Bio-On and Pizzoli, plan to build a potato waste-based PHA plant. Bio-On and Eridania Sadam team-up to develop levulinic acid from biomass.
Italian renewable chemicals developer, Bio-on S.p.A. together with Pizzoli S.p.A., Italy’s largest potato processor will team-up to build the nation’s first Polyhydroxylalkanoate (PHA) production plant using waste product from the potato agro-industrial process.
The facility is expected to produce 2,000 ton/year of PHAs with a plan to double capacity in the future. Following an initial feasibility study phase to optimize the integration with existing structures and assess the economics, the project is set to be completed within approximately two years for a start-up in production during 2017.
Bio-On has developed an exclusive process for the production of PHAs from agricultural waste, and already operates its own 10,000 tons/year PHA production facility constructed by Techint in Bologna. This first plant uses waste materials from beet and cane sugar production from the cooperative Coprob SCA, the number one sugar producer in Italy . The company’s PHA polymer is marketed under the brand Minerv™-PHA.
Bio-on and Coprob announced the expansion of their historical (2008) partnership. The new multi-year investment program for a total amount of 960,000€ , will allow to give a wider scope of applications to sugar beet residues as feedstock.
Bio-on also announced its collaboration with Eridania Sadam S.p.A on developing and optimizing production of levulinic acid from sugar by-products .
Eridania Sadam is an Italian agro-industrial group operating in the production, packaging and marketing of sugar, sweeteners, and other foodstuffs. Eridania Sadam is investing EUR 1.8 million into the project.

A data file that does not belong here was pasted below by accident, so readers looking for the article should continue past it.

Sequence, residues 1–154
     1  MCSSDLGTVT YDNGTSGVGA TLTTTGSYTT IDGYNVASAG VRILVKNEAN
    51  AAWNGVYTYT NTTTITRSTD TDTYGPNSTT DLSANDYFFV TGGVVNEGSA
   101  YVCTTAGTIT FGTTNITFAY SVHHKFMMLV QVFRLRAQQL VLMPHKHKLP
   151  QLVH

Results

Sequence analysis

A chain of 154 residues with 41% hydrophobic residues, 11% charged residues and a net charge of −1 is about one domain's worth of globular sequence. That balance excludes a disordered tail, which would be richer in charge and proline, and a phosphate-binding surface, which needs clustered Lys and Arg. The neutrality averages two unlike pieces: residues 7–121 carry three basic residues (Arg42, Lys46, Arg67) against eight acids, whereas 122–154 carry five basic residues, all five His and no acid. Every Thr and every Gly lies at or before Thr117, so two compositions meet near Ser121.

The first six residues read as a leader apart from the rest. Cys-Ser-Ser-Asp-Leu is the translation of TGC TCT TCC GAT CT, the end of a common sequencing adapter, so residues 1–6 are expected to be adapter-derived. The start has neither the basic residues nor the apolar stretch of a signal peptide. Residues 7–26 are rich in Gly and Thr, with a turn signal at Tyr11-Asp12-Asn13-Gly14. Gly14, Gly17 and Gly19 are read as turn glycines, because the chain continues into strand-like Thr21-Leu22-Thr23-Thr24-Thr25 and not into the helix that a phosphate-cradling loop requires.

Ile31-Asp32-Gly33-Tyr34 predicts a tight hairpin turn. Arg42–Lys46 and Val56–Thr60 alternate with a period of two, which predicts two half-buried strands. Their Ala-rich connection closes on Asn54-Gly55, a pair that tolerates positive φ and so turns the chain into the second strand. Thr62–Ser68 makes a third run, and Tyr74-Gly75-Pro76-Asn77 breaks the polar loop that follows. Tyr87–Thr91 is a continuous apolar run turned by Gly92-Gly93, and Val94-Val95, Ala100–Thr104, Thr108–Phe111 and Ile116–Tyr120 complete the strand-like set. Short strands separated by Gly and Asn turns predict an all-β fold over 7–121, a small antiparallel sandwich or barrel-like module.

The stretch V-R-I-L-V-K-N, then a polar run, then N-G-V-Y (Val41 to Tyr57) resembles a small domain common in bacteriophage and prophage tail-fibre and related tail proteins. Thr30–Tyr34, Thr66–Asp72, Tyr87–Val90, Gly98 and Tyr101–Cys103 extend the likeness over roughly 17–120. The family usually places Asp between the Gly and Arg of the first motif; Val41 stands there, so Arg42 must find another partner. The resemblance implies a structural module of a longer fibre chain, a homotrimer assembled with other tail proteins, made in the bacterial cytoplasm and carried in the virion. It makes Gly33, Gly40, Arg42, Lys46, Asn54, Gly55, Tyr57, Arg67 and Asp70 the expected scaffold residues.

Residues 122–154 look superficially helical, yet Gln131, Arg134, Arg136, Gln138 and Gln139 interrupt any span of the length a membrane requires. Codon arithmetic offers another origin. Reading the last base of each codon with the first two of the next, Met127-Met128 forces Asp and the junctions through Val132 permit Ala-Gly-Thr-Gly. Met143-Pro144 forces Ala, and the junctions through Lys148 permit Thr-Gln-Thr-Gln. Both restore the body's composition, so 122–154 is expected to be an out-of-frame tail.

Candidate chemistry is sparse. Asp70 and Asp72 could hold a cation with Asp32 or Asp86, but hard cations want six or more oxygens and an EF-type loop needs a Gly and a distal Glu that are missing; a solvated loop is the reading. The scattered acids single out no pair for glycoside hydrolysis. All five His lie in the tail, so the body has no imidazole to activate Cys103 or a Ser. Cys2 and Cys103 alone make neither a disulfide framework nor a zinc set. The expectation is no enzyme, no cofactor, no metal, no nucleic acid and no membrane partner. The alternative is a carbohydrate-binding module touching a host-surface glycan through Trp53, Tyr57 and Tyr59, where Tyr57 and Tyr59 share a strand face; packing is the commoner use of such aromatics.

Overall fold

The two companies say their technologies will lower costs, will meet European environmental standards and turn a niche chemical into an attractive new building block for products used in crop protection, coatings, solvents, and bioplastics.
And they are not alone in the race in Italy, GFBiochemicals, based in Milan- Italy also announced that it will begin commercial production of levulinic acid from a starch feedstock this summer in Caserta, Italy. Capacity will start at 2,000 metric tons per year and scale up to 8,000 metric tons by 2017. It aims to switch to cellulose-based feedstock in 2016. GFB’s executives, veterans of big companies such as Solvay and Air Products, say they have the expertise to sell the chemical for new applications where it can replace petroleum-derived inputs at lower cost.
As now synthesized from maleic anhydride, levulinic acid is rather expensive to produce, limiting its use to low-volume applications such as fragrances and food additives.
“For the biobased version to take off, companies will have to produce it at low cost and work with customers to identify new uses”, says Adrian Higson, lead consultant on biobased products at the U.K.’s National Non-Food Crops Centre.
Fans of levulinic acid would like to see it follow in the footsteps of succinic acid, another biobased intermediate that is being commercialized by BioAmber, Myriant, Reverdia (JV DSM and Roquette) and Succinity (JV Corbion-Purac and BASF). Both substances were on a list of the 12 most promising chemicals from biomass put out a decade ago by the U.S. Department of Energy. But whereas succinic acid is made from sugars and requires fermentation, levulinic acid can be derived directly from biomass using an acid-catalyzed hydrolysis process.